D’Hooghe and Peeters are partners in the Organization for Permanent Modernity, an architectural and urban design firm comprised of an academic group at MIT in Boston and a professional practice stationed in both Boston and Brussels. The formalisation and objectification of infrastructural elements is central in their current work. Projects include a masterplan for the slaughterhouse district in Brussels (including a 25,000-square-metre market building); a series of public facilities and town centres around Brussels; a plan for the protection and expansion of the coastline between France and The Netherlands (2009); and a competition-winning entry for a large landfill in South Korea (2008).

Programme Trip to Morocco

The programme went in December 2011 to Morocco (Fez, Marrakesh, and into the dessert) to see the old medinas, kashbahs and medersas that are typical of Islamic architecture and became an inspiration to modernism.

Morocco PC2011

See trip schedule for information.

AD Typological Urbanism: Projective Cities

Guest-edited by Christopher Lee and Sam Jacoby

For the launch of the Architectural Design AD magazine Typological Urbanism: Projective Cities, Pier Vittorio Aureli, Marina Lathouri, and David Grahame Shane will present their contributions followed by a table discussion with the editors Christopher Lee and Sam Jacoby.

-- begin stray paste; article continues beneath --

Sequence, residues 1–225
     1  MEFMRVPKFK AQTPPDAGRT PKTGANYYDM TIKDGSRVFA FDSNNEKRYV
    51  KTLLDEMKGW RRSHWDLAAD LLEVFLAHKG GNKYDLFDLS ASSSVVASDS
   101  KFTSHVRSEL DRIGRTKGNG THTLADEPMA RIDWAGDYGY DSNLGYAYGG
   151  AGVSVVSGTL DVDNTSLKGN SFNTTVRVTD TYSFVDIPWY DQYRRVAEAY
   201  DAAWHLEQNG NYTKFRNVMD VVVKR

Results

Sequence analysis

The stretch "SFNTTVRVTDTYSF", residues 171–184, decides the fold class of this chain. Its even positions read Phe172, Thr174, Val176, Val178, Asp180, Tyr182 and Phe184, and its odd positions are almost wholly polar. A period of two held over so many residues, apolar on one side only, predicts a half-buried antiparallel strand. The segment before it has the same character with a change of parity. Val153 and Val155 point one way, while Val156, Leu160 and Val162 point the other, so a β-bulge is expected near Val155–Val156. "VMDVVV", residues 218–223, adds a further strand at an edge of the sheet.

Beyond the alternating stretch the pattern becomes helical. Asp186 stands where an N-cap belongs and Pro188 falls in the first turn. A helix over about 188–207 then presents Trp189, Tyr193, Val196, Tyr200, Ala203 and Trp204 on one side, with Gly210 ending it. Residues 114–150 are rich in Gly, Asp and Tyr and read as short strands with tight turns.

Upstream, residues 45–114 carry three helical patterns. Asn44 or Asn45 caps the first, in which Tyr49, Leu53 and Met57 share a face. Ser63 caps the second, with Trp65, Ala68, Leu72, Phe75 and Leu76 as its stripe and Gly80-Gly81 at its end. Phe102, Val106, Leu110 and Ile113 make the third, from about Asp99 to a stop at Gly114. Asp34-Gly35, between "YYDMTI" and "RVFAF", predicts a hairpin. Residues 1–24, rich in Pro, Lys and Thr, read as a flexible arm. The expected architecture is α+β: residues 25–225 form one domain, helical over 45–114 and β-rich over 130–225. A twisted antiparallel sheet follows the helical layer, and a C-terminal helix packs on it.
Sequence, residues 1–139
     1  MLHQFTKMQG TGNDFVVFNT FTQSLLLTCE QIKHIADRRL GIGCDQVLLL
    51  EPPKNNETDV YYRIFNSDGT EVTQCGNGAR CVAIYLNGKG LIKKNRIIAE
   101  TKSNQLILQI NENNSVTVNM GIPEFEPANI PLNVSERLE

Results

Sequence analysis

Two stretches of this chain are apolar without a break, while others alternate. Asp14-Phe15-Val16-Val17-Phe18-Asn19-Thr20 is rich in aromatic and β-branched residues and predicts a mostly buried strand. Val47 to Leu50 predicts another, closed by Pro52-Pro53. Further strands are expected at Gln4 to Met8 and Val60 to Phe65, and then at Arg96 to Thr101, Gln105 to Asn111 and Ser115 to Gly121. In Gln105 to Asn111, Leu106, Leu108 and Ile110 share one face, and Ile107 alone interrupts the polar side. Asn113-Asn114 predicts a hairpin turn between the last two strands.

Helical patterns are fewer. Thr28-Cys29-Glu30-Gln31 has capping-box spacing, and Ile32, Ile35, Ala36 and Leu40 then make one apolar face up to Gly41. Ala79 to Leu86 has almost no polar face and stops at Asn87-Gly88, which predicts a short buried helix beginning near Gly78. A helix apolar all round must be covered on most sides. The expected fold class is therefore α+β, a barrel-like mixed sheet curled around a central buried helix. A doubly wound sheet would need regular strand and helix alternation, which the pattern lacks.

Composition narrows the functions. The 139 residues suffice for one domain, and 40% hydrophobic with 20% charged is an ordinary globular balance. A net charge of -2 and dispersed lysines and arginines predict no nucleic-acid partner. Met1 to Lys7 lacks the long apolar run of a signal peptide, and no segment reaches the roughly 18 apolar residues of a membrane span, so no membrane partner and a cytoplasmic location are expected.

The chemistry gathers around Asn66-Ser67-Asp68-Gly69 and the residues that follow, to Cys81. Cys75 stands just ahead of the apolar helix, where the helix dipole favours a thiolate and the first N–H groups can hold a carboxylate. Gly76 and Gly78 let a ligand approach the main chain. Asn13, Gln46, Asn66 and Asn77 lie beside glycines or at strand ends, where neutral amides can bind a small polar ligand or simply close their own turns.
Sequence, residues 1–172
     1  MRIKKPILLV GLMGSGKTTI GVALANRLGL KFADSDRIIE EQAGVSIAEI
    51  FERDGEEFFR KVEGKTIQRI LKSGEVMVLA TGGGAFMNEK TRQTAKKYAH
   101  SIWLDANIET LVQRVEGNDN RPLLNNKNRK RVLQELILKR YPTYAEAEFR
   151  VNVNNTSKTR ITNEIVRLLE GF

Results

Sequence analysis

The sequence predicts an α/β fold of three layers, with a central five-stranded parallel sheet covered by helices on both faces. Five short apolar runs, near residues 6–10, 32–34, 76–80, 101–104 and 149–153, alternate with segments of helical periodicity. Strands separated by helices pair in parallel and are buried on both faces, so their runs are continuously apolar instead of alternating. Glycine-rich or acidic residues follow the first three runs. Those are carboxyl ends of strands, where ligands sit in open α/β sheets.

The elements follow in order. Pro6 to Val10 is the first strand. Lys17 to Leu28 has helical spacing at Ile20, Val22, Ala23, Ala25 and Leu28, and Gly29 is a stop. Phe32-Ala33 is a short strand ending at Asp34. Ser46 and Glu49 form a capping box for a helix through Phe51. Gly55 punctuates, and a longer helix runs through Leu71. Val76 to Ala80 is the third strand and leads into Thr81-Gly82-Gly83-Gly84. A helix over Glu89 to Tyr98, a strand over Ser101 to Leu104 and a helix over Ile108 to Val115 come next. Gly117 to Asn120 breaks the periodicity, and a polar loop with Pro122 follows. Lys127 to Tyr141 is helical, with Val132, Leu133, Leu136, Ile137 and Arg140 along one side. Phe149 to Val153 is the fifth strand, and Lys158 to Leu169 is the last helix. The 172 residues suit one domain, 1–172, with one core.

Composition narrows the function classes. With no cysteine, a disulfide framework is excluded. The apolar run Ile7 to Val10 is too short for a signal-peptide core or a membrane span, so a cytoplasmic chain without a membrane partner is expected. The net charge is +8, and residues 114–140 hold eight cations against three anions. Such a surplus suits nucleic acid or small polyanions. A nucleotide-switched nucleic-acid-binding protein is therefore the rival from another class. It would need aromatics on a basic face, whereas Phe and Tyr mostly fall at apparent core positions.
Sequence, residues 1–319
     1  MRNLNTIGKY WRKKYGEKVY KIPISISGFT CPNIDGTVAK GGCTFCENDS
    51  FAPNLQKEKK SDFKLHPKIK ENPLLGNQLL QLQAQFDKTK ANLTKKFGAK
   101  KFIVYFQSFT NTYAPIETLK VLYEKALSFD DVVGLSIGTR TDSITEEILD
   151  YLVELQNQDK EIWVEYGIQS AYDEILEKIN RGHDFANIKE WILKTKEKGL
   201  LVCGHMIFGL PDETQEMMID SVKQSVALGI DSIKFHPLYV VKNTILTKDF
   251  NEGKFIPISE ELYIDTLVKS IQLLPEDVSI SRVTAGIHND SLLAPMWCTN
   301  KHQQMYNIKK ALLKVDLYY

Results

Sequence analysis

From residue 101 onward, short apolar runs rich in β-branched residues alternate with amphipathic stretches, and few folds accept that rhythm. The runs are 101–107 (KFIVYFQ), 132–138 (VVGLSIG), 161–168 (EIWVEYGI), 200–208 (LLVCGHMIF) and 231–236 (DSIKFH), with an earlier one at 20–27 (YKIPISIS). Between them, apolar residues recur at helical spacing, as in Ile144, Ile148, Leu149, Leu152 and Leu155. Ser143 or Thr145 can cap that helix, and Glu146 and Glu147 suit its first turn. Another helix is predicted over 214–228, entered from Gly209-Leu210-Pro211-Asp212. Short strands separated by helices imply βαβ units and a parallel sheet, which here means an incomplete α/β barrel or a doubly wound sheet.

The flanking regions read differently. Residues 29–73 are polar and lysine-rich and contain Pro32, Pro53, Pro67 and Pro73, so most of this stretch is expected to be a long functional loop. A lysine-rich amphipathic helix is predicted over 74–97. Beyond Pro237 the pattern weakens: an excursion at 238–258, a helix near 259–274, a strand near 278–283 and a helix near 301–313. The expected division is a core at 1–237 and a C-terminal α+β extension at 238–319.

The magazine asks: How can architecture today be simultaneously relevant to its urban context and at the very forefront of design? For a decade or so, iconic architecture has been fuelled by the market economy and an insatiable appetite for the novel and different. The relentless speed and scale of urbanisation, with its ruptured, decentralised, and fast-changing context, however, demands a rethink of the role of the designer and the function of architecture.

This title of AD therefore confronts and questions the inability of the profession and academia to confidently and comprehensively describe, conceptualise, theorise, and ultimately project new ideas of architecture for the city. In so doing, it provides a potent alternative for projective cities: Typological Urbanism. This pursues and develops the strategies of typological reasoning in order to re-engage architecture with the city in both a critical and speculative manner. Architecture and urbanism are no longer seen as separate domains, or subservient to each other, but as synthesising disciplines and processes that allow integrating and controlling effect on both the city and its built environment.

The magazine includes contributions from architects and thinkers: Peter Carl, Michael Hensel, Marina Lathouri, Martino Tattara and Pier Vittorio Aureli. Featured architects include: Ben van Berkel & Caroline Bos of UNStudio, DOGMA, Toyo Ito & Associates, l’AUC, OMA, SANAA and Serie Architects.

Date: 23.02.2010
Time: 18:00
Launch Venue: Architectural Association, Lecture Hall

View video of launch event.

AD Typological Urbanism Projective Cities

Read introduction by clicking image.